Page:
• the "core elements" of the appellants’ original claims were fabricated;

• the first appellant and his wife colluded in the falsification; and

• the first appellant and his wife admitted the fabrication.

38 The RRT acknowledged that the additional claims were capable of being credible but ultimately did not accept them, finding, in addition, that they were fabricated.

39 As noted at [5] and [6] above, although the primary judge considered there to be extraordinary delay, no point was taken before the primary judge about the delay having any legal consequences. In my opinion the delay was inordinate and in ordinary circumstances no RRT member should take so long to determine a review application. However, given the explanations for the delay discussed above, in the circumstances I consider that the delay did not deprive the appellants of their right to have their review application dealt with in accordance with law. Consequently, I would dismiss the appeal with costs.


I certify that the preceding nineteen (19) numbered paragraphs are a true copy of the Reasons for Judgment herein of the Honourable Justice Marshall.


Associate:

Dated: 11 February 2004
































IN THE FEDERAL COURT OF AUSTRALIA

NEW SOUTH WALES DISTRICT REGISTRY N 546 of 2003


On appeal from a single judge of the Federal Court of Australia


BETWEEN: NAIS, NAIT and NAIU
Appellants
AND: MINISTER FOR IMMIGRATION AND MULTICULTURAL AND INDIGENOUS AFFAIRS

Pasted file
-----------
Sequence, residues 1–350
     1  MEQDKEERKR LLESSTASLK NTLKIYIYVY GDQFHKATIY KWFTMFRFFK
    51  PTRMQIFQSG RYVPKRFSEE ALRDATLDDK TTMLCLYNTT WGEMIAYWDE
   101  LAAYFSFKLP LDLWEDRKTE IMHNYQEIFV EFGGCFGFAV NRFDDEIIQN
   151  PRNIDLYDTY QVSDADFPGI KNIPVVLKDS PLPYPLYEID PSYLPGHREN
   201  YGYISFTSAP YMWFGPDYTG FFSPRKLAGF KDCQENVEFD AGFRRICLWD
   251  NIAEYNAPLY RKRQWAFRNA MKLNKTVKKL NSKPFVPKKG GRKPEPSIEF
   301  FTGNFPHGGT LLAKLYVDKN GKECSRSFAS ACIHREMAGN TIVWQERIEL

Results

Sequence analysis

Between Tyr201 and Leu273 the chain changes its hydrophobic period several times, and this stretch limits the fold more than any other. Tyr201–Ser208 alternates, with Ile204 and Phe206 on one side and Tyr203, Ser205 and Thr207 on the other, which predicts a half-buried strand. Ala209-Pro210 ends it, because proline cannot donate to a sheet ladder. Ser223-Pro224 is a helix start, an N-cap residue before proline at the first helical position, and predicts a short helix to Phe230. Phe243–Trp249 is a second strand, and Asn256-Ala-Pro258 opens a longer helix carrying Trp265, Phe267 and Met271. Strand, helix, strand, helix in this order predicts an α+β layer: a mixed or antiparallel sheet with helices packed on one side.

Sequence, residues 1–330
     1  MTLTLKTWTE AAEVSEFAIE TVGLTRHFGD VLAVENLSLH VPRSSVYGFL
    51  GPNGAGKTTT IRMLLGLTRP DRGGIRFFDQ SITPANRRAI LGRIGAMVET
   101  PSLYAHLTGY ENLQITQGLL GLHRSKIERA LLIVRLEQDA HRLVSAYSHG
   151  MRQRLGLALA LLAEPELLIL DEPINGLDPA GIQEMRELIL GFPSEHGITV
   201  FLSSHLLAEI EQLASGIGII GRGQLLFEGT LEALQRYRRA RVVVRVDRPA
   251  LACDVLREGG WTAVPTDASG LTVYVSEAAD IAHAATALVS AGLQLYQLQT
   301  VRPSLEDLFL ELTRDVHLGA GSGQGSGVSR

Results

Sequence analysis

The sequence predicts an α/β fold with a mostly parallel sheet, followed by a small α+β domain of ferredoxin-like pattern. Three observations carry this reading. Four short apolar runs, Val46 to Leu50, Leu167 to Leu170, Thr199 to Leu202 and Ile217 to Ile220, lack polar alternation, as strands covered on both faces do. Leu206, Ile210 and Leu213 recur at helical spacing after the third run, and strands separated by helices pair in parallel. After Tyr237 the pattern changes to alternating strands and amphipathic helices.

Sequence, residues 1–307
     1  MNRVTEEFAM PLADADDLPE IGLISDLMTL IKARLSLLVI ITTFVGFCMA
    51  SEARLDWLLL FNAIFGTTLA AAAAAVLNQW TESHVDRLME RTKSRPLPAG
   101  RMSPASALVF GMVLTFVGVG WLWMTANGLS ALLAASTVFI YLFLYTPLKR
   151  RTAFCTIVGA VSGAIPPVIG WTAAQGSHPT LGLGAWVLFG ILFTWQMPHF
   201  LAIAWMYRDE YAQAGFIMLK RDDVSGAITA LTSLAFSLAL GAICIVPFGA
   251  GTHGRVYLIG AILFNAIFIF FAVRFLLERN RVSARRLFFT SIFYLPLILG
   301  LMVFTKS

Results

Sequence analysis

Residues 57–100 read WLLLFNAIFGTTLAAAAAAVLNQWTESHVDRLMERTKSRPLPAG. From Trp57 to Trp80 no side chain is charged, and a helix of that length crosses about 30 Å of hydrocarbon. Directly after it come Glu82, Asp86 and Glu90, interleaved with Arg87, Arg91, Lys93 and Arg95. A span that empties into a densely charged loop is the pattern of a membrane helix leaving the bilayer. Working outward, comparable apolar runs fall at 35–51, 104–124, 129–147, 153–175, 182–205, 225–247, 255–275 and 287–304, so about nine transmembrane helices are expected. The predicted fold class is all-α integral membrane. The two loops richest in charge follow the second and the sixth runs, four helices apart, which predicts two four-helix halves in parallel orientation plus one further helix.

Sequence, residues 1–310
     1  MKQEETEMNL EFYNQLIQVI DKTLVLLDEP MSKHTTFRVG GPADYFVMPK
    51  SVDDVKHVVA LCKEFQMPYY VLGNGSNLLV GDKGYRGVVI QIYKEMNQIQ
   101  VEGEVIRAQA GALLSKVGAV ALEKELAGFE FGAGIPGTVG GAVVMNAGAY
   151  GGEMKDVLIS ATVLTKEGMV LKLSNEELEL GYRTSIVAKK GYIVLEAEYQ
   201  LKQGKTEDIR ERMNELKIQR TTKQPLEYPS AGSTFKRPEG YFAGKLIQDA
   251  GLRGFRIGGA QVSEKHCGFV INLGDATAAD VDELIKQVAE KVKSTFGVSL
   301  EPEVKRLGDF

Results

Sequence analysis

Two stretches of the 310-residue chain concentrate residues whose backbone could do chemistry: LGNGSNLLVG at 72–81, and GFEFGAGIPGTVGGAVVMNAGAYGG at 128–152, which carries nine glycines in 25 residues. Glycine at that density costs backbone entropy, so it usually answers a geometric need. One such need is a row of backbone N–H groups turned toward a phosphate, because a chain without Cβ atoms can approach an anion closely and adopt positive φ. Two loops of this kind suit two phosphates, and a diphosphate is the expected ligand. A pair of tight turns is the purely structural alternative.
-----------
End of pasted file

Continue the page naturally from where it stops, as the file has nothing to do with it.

Respondent


JUDGES: HILL, MARSHALL & FINKELSTEIN JJ
DATE: 11 FEBRUARY 2004
PLACE: SYDNEY


REASONS FOR JUDGMENT

FINKELSTEIN J

40 I am in no doubt that this appeal should be allowed. The sorry saga begins in late 1996 when the first appellant, NAIS, the second appellant, his wife NAIT, and the third appellant, their daughter NAIU, (we are not permitted to refer to them by their actual names) arrived in Australia from Bangladesh. Bangladesh is a Muslim country. It is a place where Islamic extremists harass and sometimes attack Christians and members of other religious minorities. Too often the government fails to investigate or prosecute the perpetrators. The husband is a Muslim and his wife is a Catholic. They claim to have been severely mistreated because of their inter-religious marriage. So, upon their arrival in Australia they applied for protection visas on the basis that they are Convention refugees. A delegate of the Minister refused their applications. The appellants took their case to the Refugee Review Tribunal. It took the tribunal an extraordinary length of time, some five and a half years, to conduct the review. At the end of that process the tribunal affirmed the delegate’s decisions. There was then an unsuccessful challenge to the tribunal’s decision before a judge. We now have the appeal from the judge. The only ground of appeal is delay. This ground was not argued before the judge, but that does not prevent the point being taken on appeal.